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Neil backs down.


realhifi

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Alimony is a gift that keeps on keeping on.

 

Whatever became of the Pono store?

 

There was this back in June.

 

Neil Young's PonoMusic Store Goes Offline as It Switches Content Providers | Billboard

 

And currently you see this:

 

https://www.ponomusic.com/

 

Under construction as we still work to find a new content partner. I guess a few weeks in the first link became a few months and counting.

 

FAQ on the matter here:

 

https://www.ponomusic.com/faq

 

I found out though you can't get music, you can still buy the player and T-shirts. Hmmmmm, maybe I need a T-shirt. Or was it an MQA t-shirt I wanted before it becomes under construction (like it ever got out from under construction the first time).

 

If only Neil had partnered with MQA as originally planned. They both would be on the T-shirt together.

 

Maybe they should have partnered with Dr. Dre.

 

Still have hope for my own format though. RATANUS will rule!

And always keep in mind: Cognitive biases, like seeing optical illusions are a sign of a normally functioning brain. We all have them, it’s nothing to be ashamed about, but it is something that affects our objective evaluation of reality. 

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Wondering why Harvest Moon isn't available in 24 bit? I haven't checked his Pono store for over a year but was it available there? Can't seem to find it on HDTracks and the others.

 

The last track, Natural Beauty, is one of my favs ! Would love to have it in Hi Res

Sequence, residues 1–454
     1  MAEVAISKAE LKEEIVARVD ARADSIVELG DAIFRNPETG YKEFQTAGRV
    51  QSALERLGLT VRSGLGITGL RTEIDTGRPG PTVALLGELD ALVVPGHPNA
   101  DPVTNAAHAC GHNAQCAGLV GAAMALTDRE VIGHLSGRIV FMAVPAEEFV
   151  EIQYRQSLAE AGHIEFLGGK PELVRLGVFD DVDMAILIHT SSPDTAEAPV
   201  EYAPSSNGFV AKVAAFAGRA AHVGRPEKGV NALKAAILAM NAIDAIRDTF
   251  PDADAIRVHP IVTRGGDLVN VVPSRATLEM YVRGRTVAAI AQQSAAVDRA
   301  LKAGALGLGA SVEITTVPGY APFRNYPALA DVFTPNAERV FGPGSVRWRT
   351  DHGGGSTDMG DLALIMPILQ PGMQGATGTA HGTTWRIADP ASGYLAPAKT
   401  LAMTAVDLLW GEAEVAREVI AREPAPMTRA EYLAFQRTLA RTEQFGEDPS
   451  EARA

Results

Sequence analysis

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I'm pretty sure it (and unplugged) were never issued as high res. I would have bought them if they were.

Thanks mate. Shame though isn't it. This thread made me relisten to Natural Beauty after its been a few months since I last listened to Neil. Too much talent in that man.

 

Sent from my Blackberry DTEK50 using Tapatalk

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Now the Neil Young hires downloads are available in Europe, can anyone advise me whether the 192 versions are genuine or upsampled versions of the 96? HDTracks (UK) has both, whereas www.highresaudio only has the 96, which sometimes means they think this is the native mastering rate.

 

I like this guy's blogs. He succinctly dispels a lot of myths about this hobby.

 

Even Pono Personnel Admit High-Res Music Files Don’t Meet the Hype | Kirkville

 

I bought the first four Neil Young albums remastered in 24/192 from Pono when they first came out. I don't even listen to those files anymore. I prefer the original 1980's Reprise CD's. But, that's just me.

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I agree Kirk is a quality commentator - and his efforts to provide advice for iTunes users are especially useful.

 

However, quoting a Post article as meaningful commentary about hi-res is about the same as quoting the Enquirer about the existing of aliens - maybe they're right, but hardly a credible source... ;-)

Michael

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I agree Kirk is a quality commentator - and his efforts to provide advice for iTunes users are especially useful.

 

However, quoting a Post article as meaningful commentary about hi-res is about the same as quoting the Enquirer about the existing of aliens - maybe they're right, but hardly a credible source... ;-)

 

I paid more attention to Lampi's comment. If you think about your entire signal chain, 24/192 (from the same master) is not going to sound much better than 24/96, it makes sense.

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I paid more attention to Lampi's comment. If you think about your entire signal chain, 24/192 (from the same master) is not going to sound much better than 24/96, it makes sense.